As the holiday decorations go up, you may find yourself dreading the onset of cold weather and wintery conditions. While you’re pulling out the winter coats, cleaning out the chimneys, and readying your home for the months ahead, don’t forget to consider how the winter can affect your computer equipment. Be mindful of wintery risks to protect yourself from data loss and equipment malfunction.
Winter Risk #1: Excess Cold
Even during the winter, your home should remain warm enough to avoid any ill effect on your computing equipment. However, take extra care with your portable devices (including cell phones, tablets, and laptops) during cold weather. Taking a computer from a cold temperature to a warmer temperature can cause moisture to condense in the computer, which can cause damage. This is most likely to occur if you leave your device in a very cold place for a few hours or overnight and power it up immediately upon entering a warm building.
To avoid this damage, try to reduce the amount of time you leave your devices in cold conditions. If you must regularly transport or leave devices in the cold, you can purchase insulating cases to mitigate the temperature shifts. If a computer has been exposed to a prolonged period of cold, allow a few minutes for it to warm up before powering it on.
Winter Risk #2: Dust
Your heating system can blow a lot of dust into your home’s environment, especially the first few times it gets up and running for the season. That dust can get into your computer and prevent the fan from dispelling the heat generated from the computer’s internal components, causing it to slow down, overheat, or worse. Dusty buildup can significantly shorten the life of a computer!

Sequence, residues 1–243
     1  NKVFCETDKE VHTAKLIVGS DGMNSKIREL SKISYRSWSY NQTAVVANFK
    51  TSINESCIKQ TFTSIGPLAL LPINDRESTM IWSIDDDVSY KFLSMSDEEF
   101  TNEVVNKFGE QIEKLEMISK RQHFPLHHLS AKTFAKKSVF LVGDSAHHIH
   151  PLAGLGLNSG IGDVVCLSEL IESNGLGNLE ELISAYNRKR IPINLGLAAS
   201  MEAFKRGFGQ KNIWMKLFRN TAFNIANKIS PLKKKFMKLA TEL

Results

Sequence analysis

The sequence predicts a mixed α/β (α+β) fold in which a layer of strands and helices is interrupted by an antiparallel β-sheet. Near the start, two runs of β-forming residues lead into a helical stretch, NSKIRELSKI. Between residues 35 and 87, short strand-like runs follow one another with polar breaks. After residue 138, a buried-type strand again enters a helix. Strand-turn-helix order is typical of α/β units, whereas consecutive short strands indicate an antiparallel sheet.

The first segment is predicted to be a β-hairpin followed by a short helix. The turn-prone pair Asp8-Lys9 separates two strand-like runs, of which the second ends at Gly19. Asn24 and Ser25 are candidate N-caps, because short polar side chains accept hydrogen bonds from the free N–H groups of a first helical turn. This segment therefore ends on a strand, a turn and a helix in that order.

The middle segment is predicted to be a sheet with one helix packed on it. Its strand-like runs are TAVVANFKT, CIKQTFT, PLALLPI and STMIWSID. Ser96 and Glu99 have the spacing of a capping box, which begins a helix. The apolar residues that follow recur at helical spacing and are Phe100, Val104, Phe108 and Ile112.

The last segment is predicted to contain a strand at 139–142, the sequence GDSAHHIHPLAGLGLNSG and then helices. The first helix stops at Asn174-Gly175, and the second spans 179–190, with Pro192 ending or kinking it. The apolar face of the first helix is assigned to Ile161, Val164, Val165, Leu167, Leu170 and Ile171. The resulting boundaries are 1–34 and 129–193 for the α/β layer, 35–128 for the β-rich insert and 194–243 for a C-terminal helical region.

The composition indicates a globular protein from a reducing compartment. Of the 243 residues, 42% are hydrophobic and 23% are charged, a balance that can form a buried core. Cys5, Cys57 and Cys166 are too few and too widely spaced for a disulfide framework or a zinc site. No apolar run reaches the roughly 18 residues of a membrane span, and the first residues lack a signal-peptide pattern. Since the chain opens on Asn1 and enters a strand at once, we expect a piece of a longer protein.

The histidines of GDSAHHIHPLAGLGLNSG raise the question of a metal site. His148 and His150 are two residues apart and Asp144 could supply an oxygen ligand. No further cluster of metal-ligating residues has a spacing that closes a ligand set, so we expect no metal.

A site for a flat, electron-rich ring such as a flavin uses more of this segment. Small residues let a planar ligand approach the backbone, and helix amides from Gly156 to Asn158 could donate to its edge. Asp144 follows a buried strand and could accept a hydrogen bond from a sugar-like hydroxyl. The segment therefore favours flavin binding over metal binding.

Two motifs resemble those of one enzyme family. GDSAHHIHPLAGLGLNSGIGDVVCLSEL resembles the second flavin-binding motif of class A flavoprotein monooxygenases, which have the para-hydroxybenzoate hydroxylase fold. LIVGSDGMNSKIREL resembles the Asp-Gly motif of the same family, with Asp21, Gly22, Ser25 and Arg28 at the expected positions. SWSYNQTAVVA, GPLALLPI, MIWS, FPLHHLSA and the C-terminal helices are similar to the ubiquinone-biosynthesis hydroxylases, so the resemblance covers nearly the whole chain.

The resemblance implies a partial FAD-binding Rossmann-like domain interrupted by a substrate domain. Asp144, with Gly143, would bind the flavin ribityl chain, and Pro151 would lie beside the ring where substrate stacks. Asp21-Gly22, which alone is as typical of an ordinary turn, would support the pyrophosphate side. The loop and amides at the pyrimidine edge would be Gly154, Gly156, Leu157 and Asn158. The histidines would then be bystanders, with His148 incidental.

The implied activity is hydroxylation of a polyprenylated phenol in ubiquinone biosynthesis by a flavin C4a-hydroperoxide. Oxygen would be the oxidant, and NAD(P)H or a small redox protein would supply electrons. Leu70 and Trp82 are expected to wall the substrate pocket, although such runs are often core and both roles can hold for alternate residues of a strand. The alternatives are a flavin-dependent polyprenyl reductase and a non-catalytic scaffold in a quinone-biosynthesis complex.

The single best thing you can do for your machine is to clean it thoroughly every 6–12 months. Blow out the dust, pet hair, pollen, and other gunk from the keyboard and fan before it builds up. If you’re already having issues or don’t feel comfortable doing it yourself, winter is a great time to consult a computer professional to give it a thorough cleaning and maintenance upgrade.
Winter Risk #3: Static
You may have noticed that as it gets colder outside, you are more susceptible to static electricity shocks inside your home—those little sparks that fly when you touch conductive objects, especially metal. Generally, these aren’t a big risk for your computer as long as you aren’t exposed to its internal parts. However, if you’re performing any sort of maintenance or upgrades (adding extra memory, a sound card, etc.), make sure you take precautions to avoid damage.
Make sure the computer is plugged into a grounded outlet (a three-pronged outlet), and turn its power completely off using the main power switch on the power supply rather than the power button. Before touching any internal components, touch a metal part of your computer case with your hand to “ground” yourself and neutralize your static charge; repeat this grounding process periodically as you work.
Another great option is to call the professionals at Dymin for all your computer repair and maintenance needs. Make sure you are running at your peak potential and have appropriate, adequate data backups in place. Our on-site computer repair services are available for residential and business customers in the Des Moines, Iowa, metro area. Contact the Dymin service professionals to talk about your computer service needs and schedule an appointment today!